HIV and Aids thrive on stigma – Ramaphosa

2014-12-01 17:27

Stigma and discrimination against those living with HIV and Aids persists, says Deputy President Cyril Ramaphosa.

“This can have a devastating effect on the lives of people living with HIV and on those closest to them,” he said at a World Aids Day event in Welkom, in the Free State today.

“It also undermines our efforts to tackle the epidemic.”

It was because of this that people were reluctant to be tested and to disclose their status to access treatment, care and support.

Efforts to fight against prejudice, stigma and discrimination needed to be redoubled.

“Like racism, sexism, homophobia and other forms of intolerance, the stigmatisation of HIV is driven by ignorance and fear,” said Ramaphosa.

Despite the decline in the incidence of HIV there was a significant number of new infections every day.

A quarter of these were in women between the ages of 15 and 24.

Ramaphosa said more needed to be done to promote prevention, as it was within the power of the individual.

“Everyone, especially young people, should use condoms consistently, stick to one sexual partner and delay the age at which they first have sex,” he said.

“All leaders – whether in government, the religious sector, traditional leadership or business – need to speak about safer sex practices.”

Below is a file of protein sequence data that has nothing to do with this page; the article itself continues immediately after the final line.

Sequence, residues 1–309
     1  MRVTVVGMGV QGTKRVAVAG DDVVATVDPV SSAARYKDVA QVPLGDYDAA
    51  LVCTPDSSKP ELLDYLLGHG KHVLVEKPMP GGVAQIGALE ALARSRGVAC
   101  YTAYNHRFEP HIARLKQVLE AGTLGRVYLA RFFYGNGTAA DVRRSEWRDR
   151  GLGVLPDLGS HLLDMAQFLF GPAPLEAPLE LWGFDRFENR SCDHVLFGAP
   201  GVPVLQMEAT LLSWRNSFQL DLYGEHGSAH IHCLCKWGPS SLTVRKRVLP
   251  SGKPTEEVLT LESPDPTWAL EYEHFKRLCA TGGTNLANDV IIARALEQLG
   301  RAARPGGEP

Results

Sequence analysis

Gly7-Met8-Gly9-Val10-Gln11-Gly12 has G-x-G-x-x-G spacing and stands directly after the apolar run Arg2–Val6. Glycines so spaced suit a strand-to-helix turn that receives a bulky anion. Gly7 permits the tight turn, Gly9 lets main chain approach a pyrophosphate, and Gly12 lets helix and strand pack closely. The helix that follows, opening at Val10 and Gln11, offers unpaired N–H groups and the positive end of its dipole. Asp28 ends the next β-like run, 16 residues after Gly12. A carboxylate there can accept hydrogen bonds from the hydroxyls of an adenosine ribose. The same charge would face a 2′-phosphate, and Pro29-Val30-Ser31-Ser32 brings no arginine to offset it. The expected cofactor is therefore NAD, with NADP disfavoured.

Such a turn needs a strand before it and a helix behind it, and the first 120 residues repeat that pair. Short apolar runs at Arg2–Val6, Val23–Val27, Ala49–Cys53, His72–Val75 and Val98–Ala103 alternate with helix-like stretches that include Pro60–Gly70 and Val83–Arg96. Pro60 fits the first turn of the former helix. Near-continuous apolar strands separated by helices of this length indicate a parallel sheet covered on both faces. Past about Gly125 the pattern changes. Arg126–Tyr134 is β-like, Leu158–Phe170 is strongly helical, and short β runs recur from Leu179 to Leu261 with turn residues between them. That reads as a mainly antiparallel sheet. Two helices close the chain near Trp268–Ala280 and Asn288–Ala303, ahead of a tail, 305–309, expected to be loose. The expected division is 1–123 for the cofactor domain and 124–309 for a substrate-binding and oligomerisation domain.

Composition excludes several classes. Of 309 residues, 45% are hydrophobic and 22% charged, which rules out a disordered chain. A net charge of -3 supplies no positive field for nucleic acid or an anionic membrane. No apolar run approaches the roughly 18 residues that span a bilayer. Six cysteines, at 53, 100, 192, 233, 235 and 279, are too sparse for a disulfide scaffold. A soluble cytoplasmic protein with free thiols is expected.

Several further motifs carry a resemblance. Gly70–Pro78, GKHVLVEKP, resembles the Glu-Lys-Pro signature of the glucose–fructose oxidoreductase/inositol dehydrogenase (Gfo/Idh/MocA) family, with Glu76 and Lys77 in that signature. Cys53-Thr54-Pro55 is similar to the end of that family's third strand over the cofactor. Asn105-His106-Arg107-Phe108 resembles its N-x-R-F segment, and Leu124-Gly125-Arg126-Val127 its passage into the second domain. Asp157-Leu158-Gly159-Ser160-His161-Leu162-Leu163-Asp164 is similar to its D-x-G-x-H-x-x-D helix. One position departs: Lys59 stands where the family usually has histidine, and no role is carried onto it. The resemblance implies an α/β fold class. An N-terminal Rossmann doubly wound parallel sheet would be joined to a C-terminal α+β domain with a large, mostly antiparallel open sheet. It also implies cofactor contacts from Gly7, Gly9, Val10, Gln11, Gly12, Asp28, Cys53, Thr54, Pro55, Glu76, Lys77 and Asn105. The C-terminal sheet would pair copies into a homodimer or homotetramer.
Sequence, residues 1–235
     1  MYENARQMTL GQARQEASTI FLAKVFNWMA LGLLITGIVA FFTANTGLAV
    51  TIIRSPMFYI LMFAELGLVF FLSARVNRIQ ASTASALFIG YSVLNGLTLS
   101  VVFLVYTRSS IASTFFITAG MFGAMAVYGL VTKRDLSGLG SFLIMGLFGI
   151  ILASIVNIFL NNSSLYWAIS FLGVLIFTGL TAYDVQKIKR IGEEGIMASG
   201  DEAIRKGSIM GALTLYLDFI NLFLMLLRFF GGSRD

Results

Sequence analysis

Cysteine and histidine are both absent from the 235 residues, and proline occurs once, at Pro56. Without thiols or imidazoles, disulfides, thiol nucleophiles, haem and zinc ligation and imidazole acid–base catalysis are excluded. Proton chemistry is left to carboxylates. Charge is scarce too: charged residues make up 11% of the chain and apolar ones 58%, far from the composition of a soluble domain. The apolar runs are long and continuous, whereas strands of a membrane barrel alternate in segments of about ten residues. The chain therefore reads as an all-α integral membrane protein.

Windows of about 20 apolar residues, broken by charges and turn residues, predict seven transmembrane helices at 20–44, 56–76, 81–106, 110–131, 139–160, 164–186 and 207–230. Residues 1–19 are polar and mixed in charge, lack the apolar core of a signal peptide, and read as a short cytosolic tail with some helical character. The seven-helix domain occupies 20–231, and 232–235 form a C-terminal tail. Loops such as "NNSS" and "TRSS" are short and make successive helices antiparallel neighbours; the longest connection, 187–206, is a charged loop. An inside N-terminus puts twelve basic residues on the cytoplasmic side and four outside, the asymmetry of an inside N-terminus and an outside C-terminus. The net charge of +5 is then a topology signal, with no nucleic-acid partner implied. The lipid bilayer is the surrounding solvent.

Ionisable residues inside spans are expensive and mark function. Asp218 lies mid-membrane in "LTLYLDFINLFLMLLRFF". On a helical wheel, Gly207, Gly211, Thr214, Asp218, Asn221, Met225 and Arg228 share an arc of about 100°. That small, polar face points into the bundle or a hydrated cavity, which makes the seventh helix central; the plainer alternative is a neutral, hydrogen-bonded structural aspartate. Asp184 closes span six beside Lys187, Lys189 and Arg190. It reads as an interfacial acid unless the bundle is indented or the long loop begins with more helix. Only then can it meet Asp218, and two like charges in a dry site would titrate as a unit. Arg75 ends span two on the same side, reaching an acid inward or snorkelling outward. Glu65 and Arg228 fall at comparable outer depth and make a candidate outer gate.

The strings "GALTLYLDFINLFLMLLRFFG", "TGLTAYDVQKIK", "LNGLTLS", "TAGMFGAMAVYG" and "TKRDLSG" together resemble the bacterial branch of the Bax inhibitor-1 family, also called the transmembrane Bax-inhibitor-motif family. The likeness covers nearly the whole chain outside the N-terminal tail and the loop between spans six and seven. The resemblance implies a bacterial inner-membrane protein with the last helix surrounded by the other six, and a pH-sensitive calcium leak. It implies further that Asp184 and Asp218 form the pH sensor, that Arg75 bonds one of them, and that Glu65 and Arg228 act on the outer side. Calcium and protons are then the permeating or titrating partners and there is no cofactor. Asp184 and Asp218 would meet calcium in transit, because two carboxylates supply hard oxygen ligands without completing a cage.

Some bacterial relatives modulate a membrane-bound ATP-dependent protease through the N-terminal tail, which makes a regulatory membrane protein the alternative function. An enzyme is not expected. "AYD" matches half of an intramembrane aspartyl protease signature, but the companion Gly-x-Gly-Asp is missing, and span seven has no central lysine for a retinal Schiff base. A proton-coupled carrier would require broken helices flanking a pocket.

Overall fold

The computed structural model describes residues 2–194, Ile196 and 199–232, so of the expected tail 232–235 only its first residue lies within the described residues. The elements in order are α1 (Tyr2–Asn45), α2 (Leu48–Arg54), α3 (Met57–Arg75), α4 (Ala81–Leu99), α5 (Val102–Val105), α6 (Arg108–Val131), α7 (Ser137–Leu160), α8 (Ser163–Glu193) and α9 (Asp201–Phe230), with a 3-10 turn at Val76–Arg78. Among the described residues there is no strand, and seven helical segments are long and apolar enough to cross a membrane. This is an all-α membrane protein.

Ramaphosa said government was concerned about the number of people who did not know their HIV status.

Referring to a recent survey, he said about two million South Africans were living with HIV but did not know their status, which meant they were not getting the medical help they needed or protecting their partners.

“We must ensure that every South African tests for HIV and is screened for TB [Tuberculosis] annually.”

“Despite the progress that we have made in the past five years, the end of Aids is not as near as we would like,” said Ramaphosa.

At the International Aids Conference in Australia earlier this year a global target was announced.

These were the 90, 90, 90 targets.

This meant the country needed to test 90% of people for HIV, put 90% of those on treatment and ensure 90% of those on treatment were virally suppressed by 2030, he said.

Reaching this target was affordable over the mid-term.

However, a major barrier to achieving these targets was the stigma which still existed in the country.

“It is irrational. It is hurtful. It is unacceptable,” said Ramaphosa.

“While HIV has had an unprecedented impact on global health, it is like any other disease. There should be no shame and no blame.”

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